Ciba-Geigy’s argument focuses on a single word in the statutory phrase, ignoring the meaning of the phrase as a whole. FIFRA provides that the Administrator may cancel the registration of a pesticide if it appears to him that, “when used in accordance with widespread and commonly recognized practice, [it] generally causes unreasonable adverse effects on the environment.” The statute defines “unreasonable adverse effects on the environment” to mean “any unreasonable risk to man or the environment, taking into account the ... costs and benefits.”15
Neither the statute nor its legislative history explains the word “generally,” but, as the numerous dictionary definitions that the parties have quoted to us make clear, it means “usually,” “commonly,” or “with considerable frequency,” though not necessarily “more likely than not.” Interpreting the statutory standard as a whole, therefore, the Administrator may cancel a registration if it appears to him that the pesticide commonly causes unreasonable risks.16
Because FIFRA defines “adverse effects” as “unreasonable risks,” the Administrator need not find that use of a pesticide commonly causes undesirable consequences, but only that it commonly creates a significant probability that such consequences may occur. FIFRA therefore does not oblige the Administrator to maintain the registration of a pesticide that might not generally have adverse effects but, say, killed children on 30% of the occasions on which it was used. A 30% risk that children might be killed is plainly an “unreasonable risk” more than sufficient to justify cancellation of the noxious pesticide. Similarly, a significant risk of bird kills, even if birds are actually killed infrequently, may justify the Administrator’s decision to ban or restrict diazinon use.17
Nevertheless, the Administrator improperly read the word “generally” out of FIFRA § 6(b). The word is not superfluous: it requires the Administrator to determine that the use of a pesticide in a particular application creates unreasonable risks, though not necessarily actual adverse consequences, with considerable frequency, and thus requires the Administrator to consider whether he has defined the application he intends to prohibit sufficiently narrowly. If the use of diazinon creates an unreasonable risk of killing birds on only 10% of the golf courses on which it is used, for example, the Administrator should define the class of golf courses on which its use is to be prohibited more narrowly. Without attempting to interpret the vast administrative record ourselves, therefore, we grant Ciba-Geigy’s petition to the extent of remanding this case to the Administrator for application of the correct legal standard.18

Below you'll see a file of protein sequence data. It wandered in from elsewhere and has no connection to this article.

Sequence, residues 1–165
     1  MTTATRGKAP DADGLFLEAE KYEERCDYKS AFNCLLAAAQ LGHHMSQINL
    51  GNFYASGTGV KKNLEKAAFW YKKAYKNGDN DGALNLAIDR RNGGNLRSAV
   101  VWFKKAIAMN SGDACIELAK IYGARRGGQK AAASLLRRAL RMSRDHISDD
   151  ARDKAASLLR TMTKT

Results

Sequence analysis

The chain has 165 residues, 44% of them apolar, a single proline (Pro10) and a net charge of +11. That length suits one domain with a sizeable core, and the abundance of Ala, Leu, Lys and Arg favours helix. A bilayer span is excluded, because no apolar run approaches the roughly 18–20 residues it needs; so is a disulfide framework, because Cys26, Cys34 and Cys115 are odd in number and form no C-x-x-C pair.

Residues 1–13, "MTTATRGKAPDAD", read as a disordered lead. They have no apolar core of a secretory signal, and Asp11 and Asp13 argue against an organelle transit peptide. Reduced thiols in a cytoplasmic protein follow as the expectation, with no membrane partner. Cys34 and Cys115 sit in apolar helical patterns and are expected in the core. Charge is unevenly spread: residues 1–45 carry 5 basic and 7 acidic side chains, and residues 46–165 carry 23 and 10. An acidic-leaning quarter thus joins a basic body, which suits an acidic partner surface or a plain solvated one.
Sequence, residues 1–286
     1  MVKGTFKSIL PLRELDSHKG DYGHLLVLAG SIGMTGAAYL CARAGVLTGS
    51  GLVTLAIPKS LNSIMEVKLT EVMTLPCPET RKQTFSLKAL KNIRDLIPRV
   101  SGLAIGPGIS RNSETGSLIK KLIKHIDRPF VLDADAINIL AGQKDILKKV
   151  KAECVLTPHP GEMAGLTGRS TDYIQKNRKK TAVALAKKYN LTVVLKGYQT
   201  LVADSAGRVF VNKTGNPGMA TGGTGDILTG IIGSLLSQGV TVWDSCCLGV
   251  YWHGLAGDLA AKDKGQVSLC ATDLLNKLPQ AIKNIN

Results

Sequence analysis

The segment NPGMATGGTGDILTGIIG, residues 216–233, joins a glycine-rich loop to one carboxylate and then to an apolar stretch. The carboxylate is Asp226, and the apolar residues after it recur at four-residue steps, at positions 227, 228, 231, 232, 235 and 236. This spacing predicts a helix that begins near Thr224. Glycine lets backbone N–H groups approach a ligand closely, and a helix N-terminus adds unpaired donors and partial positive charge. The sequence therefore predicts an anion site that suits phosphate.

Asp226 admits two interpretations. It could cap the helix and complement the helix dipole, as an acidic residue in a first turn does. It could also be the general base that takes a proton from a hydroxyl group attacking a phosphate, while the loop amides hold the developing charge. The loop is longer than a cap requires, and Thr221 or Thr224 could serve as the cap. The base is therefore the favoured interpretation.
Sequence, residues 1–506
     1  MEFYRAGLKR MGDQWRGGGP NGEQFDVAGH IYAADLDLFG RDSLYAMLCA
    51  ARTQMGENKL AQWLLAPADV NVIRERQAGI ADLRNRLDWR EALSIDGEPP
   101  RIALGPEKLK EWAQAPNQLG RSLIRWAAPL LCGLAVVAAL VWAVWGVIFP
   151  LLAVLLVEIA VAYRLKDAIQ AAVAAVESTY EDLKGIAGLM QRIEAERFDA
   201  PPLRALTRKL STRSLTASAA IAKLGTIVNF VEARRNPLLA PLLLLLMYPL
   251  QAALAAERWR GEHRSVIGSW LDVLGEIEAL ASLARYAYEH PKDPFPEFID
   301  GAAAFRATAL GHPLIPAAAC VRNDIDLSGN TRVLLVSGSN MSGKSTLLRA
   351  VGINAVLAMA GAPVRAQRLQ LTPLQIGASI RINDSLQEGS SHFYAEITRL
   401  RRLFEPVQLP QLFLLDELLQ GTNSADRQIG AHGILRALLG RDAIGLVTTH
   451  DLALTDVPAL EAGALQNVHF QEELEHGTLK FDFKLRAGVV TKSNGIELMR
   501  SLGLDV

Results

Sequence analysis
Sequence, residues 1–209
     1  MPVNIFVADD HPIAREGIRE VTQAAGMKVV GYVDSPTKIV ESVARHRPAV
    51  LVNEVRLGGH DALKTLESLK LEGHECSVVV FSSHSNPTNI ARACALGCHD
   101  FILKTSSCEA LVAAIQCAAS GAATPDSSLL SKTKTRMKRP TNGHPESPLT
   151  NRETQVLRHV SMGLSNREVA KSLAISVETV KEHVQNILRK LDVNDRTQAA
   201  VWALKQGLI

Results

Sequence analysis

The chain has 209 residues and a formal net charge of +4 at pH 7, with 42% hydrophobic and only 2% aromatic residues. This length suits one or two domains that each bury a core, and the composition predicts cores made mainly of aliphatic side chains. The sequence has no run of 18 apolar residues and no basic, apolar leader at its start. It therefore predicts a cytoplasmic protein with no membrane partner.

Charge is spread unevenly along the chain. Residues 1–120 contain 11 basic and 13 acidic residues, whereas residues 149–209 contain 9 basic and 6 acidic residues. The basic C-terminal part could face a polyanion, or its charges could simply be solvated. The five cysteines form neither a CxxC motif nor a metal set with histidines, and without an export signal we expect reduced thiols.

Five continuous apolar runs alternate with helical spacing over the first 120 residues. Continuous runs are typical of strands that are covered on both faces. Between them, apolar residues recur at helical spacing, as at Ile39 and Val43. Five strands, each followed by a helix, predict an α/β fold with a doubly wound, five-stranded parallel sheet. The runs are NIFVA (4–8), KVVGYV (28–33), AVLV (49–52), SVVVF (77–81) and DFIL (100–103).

Ciba-Geigy raises two further objections. First, it asserts that substantial evidence does not support the Administrator’s conclusions that diazinon has insignificant benefits or substantial environmental costs, or that its costs outweigh its benefits. Because we remand this case to the Administrator, we need not determine whether Ciba-Geigy’s objection is valid. Second, Ciba-Geigy asserts that the Administrator cannot find that the risk of adverse effects of diazinon on birds is unreasonable unless use of the chemical not only kills birds but also endangers their overall population. “[S]cientists within government and in academia are in agreement,” Ciba-Geigy asserts, “that an effect on wildlife is ecologically significant only if it endangers the ability of a species’ population to maintain itself.” This argument must be rejected for two reasons. FIFRA gives the Administrator sufficient discretion to determine that recurring bird kills, even if they do not significantly reduce bird population, are themselves an unreasonable environmental effect. Also, even if the Administrator were required to consider the effects of diazinon on bird population alone, he would be required to find only a risk to that population, not an actual reduction in it.20
For the foregoing reasons, the order cancelling the registration of diazinon for use on golf courses and sod farms is set aside, and the case is REMANDED to the Administrator for further proceedings consistent with this opinion.22
August 25, 2017